Assessment of the developments in Estonia by human rights international monitoring bodies

In 2010 there were three periodic reports by international human rights monitoring bodies that addressed the issues of inter-ethnic relations in Estonia: European Commission against Racism and Intolerance (ECRI)[24]; UN Human Rights Committee[25] and UN Committee on the Elimination of Racial Discrimination (CERD)[26]. All three reports, while acknowledging a number of positive developments, had a rather critical tone.  The responses to the criticism and recommendations of the international reports have been mixed. Ranging from heavy criticism, especially by some political leaders expressed in the Estonian language media to support by Russian language media and representatives of the NGOs.

In addition to the state reports in 2010 the European Court of Human Rights (ECtHR) rendered three decisions concerning complaints by Estonian ethnic minorities.[27]


Positive indicators of 2010 have been: a rather peaceful coexistence among main ethnic groups, improving Estonian language proficiency, as well as increasingly strong and constructive opinions voiced in the Estonian media by academics calling for reforms of the current integration policy.

Negatively, the socio-economic distance between ethnic groups further enlarged, the trust in political institutions further dropped and representation of ethnic minorities among decision makers remained weak.

Thus, if developments in the sphere of cultural-linguistic integration are positive, then developments in the socio-economic and civil-political spheres are negative.

The reactions of the political elites on the criticism of international monitoring bodies indicate, inter alia, that ethnic issues are still perceived to be highly politicized and emotional. This lack of self-critical assessment of the integration policy on the political level (but not on academic level) is regrettable and could lead to long-term economic development problems and social conflicts.


–          Consider numerous analyses and surveys from the field of social sciences and apply them in processes regarding integration and minorities.

–          Increase integration by changing the approach centred on Estonian language into a two-way dialogue.


[1] The term ethnic minorities is defined for the purpose of this chapter as all permanent residents, irrespective of their citizenship, whose mother tongue and/or ethnicity is other than Estonian. Note, however, that under Estonian law, one of the main conditions is also Estonian citizenship.

[2] Vetik, Raivo et.al. (ed.) (2010). Uuringu Integratsiooni Monitooring 2010 Raport [Report on survey of monitoring integration]. Rahvusvaheliste ja Sotsiaaluuringute Instituut, Tallinn, pages 3–21.

[3] Toomla, Rein (2010). Mitte-eestlaste ühiskondlik-poliitiline aktiivsus ja osalemine [Social and political activity and participation of non-Estonians]. Tartu: University of Tartu, Riigiteaduste Instituut.

[4]The EIP is often considered as a mere rhetoric rather than a real attempt to promote a real sense of integration in the Estonian society. It is argued, that integration in practice is reduced to the imposition of majority language and historical understandings on ethnic minority groups with insufficient efforts to foster two-way integration process. For strong criticism see for example Kablukova, Irina (2010). В гробу я видела такую интеграцию! [I saw integration in a coffin!]. День за Днём, 3.11.2010. Available at http://www.dzd.ee/?id=336155. See also Boroditš, Deniss (2010). Deniss Boroditš:tundmatud naabrid [Deniss Boroditš: unknown neighbours]. Postimees, 25.05.2010. Available at: http://www.postimees.ee/?id=267422; – (2010). Интеграция умерла! Да здравствует Интеграция! [Integration is dead! Long live integration!] Internet Forum Podmoga, 5.11.2010. Available at http://www.baltija.eu/news/read/13405.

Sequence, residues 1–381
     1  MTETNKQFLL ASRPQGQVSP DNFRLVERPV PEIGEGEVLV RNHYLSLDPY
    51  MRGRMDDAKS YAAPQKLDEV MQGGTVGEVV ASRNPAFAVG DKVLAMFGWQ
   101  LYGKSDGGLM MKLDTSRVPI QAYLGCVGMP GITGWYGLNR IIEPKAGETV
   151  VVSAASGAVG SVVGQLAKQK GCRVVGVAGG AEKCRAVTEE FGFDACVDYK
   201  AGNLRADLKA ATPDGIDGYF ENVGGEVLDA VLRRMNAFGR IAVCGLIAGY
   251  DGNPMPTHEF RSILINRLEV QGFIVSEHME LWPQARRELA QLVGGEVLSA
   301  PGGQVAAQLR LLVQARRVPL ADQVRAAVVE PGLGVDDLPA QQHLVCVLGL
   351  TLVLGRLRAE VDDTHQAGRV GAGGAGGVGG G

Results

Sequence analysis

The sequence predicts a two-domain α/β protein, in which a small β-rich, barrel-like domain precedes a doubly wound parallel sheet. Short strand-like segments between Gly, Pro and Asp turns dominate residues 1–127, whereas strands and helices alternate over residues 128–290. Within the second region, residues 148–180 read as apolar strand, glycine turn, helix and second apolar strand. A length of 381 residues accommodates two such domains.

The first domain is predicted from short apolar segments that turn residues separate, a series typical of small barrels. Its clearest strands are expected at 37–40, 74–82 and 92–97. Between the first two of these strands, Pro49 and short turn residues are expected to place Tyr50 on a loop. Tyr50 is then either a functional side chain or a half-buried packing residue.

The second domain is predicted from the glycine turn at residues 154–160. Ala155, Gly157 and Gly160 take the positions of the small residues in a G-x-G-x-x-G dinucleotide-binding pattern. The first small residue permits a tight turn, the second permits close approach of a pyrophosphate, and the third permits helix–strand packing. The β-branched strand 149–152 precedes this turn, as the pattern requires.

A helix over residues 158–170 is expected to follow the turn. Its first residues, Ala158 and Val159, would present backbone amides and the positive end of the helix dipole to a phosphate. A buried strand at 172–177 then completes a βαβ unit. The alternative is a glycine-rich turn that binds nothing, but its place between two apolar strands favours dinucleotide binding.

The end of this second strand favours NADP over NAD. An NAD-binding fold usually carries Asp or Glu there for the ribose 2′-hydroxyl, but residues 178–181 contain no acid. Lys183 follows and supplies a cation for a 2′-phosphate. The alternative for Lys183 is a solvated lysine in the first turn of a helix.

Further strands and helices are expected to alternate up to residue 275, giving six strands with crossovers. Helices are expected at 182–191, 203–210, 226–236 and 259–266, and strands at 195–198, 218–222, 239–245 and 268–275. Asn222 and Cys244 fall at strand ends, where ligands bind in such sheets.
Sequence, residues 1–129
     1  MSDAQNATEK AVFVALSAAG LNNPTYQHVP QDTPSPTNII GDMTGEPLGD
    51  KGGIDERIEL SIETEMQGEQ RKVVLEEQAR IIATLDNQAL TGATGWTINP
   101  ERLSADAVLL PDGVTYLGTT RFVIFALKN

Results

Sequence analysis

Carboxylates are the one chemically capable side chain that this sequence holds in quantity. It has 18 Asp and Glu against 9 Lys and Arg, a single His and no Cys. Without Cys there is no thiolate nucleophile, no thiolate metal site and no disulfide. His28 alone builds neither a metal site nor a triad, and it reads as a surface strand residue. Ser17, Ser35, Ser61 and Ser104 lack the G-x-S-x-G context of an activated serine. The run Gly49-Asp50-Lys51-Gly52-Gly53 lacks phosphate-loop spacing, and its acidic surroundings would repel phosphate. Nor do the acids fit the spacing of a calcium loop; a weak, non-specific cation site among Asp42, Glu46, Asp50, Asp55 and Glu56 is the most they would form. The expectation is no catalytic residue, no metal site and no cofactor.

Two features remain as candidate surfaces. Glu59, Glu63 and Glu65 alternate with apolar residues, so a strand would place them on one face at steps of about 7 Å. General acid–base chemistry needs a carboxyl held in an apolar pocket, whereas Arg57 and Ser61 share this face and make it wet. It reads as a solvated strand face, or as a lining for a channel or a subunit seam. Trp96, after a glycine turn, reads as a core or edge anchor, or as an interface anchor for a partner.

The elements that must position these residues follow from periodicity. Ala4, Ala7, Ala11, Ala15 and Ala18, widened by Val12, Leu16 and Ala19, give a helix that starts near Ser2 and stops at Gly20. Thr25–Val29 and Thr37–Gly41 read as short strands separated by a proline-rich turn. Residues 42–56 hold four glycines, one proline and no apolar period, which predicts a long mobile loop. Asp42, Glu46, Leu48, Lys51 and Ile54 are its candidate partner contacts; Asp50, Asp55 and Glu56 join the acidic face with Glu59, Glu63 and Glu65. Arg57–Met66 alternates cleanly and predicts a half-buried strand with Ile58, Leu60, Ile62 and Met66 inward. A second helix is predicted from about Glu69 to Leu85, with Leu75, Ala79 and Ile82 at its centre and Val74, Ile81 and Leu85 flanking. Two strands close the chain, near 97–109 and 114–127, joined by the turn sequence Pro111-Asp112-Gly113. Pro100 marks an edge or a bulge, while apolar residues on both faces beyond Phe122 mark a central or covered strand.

[5] Integratsiooni Monitooring 2010, pages 19–21.

[6] Hallik (2010).

[7] Hallik (2010). See also the opinion of Estonian historian David Vseviov quoted byHallik.

[8] Toomla (2010).

[9] Integratsiooni Monitooring 2010, p 142. See also Pors, Merje (2010). Narvalanna: parim amet Eestis on eestlane [The best occupation in Estonia is as an Estonian]. Postimees, 13.12.2010. Available at: http://www.postimees.ee/?id=356478

[10] Immigrantrahvastik Eestis (2009); see also Integratsiooni Monitooring 2010, p 139.

[11] Immigrantrahvastik Eestis (2009).

[12] Pettai (2010).

[13]Estonian Cooperation Assembly (ed.) (2010). Eesti inimvara raport (IVAR): võtmeprobleemid ja lahendused [Estonian human resources report: key problems and solutions]. Tallinn: Säästva arengu komisjon.

[14] Pages 26–27; see also Tänavsuu, Hille (2010). Ainult keeleoskusest lõimumiseks ei piisa [Language skills are not enough for integration]. Postimees, 11.12.2010. Available at: http://www.postimees.ee/?id=355648; see also Kosmõnina, Tatjana (2010). Üha enam vene noori eelistab edasi õppida Venemaal [More and more young Russians prefer to study in Russia]. ERR News, 25.07.2010. Available at: http://uudised.err.ee/index.php?06210548.

[15] Integratsiooni Monitooring, p 144–149; Similarly according to the EU Minorities and Discrimination Survey 2010, 59% of ethnic minorities in Estonia believe that discrimination is widespread in Estonia – EU Agency for Fundamental Rights (2010). Data in Focus 5 – Multiple discrimination. EU-MIDIS European Union Minorities and Discrimination Survey. 2.02.2011. Available at: http://www.fra.europa.eu/fraWebsite/attachments/EU_MIDIS_DiF5-multiple-discrimination_EN.pdf

[16] Pages 26–27.